It found no significant effects on clinical measures of health, healthcare spending and utilisation, or employment outcomes after 18 months. This, the authors conclude, may “temper expectations” about the financial return on investment that wellness programmes can deliver, at least in the short term.
There may be easier wins for employers, that costs less too. Studies show that simply being able to see a potted plant at work boosts creativity and productivity. According to research from the University of Exeter, undertaken in 2014, employees’ productivity jumps 15 per cent when you put a few houseplants into a previously bare environment.
It follows earlier research from Sydney’s University of Technology, which found significant reductions in stress among workers when plants were introduced to their workspace. Specifically, it resulted in a 37 per cent fall in reported tension and anxiety; a 58 per cent drop in depression or dejection; a 44 per cent decrease in anger and hostility; and a 38 per cent reduction in fatigue. Go yucca.
The Human Spaces global study of 7,600 workers from 16 countries concluded office design is so important to workers that one third of respondents say it affects their decision to work somewhere. What most people want is natural light, followed by live indoor plants. They also want a view of the sea, which you might find hard to accommodate. But a potted yucca costs just €15.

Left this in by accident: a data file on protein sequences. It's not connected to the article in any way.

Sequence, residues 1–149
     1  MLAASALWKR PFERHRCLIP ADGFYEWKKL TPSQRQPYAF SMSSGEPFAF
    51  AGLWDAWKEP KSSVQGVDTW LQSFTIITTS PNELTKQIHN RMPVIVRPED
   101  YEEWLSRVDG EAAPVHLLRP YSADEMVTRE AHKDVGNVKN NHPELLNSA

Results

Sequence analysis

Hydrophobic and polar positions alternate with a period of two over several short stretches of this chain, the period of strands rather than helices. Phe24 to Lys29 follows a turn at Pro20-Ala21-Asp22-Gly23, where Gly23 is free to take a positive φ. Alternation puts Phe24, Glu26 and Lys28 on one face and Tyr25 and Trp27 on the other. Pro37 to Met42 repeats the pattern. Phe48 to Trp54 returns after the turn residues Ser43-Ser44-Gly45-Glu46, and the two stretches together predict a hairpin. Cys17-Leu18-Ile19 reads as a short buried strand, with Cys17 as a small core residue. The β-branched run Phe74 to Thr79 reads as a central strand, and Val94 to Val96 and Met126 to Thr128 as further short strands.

The benefits of the humble office plant are something Michael Caffrey of Universal Floral sees on a daily basis. The Dublin company provides plant for hire services across Ireland, the UK and Europe.
“Plants have a huge role to play in creating an attractive work environment. They offer genuinely ‘green’ benefits, acting as a natural air filter, taking in nitrogen and releasing oxygen and collecting dust. Research shows that students in rooms with plants do better in exams than students without them. These kinds of thing really make a difference if you’re working in a room for eight or nine hours a day,” he says.
Arguably, such touches become even more important in today’s workspaces. As real estate becomes more expensive, the pressure is on organisations to reduce their office footprint. This has given rise to the growth of so-called “dynamic workplaces”, open-plan, office-free and, typically, short on desk space.
If you’re not already in one, you may not know that this often entails staff having not a desk but a locker, a laptop, and a plastic box for paperwork which they trundle around with looking for a free desk.
“It’s about reducing floor space and costs but to do it you have to offer staff something better than a faceless office,” says Trevor Schwer of The Interiors Group, a specialist in corporate fit-out and refurbishment.
That typically means plenty of quiet spaces, breakout rooms, phone booths, as well as everything from prayer rooms to breastfeeding rooms. An attractive canteen, pool tables and table tennis are par for the course.
Most new offices will provide desk space to meet an estimated 80 per cent of the overall staff complement, which takes account of numbers missing due to off-site meetings or illness. “If a company has a big sales team out on the road, it makes sense. It also helps with the clean-desk policy, you’d be amazed what some people accumulate when they consider their desk a home,” Schwer says.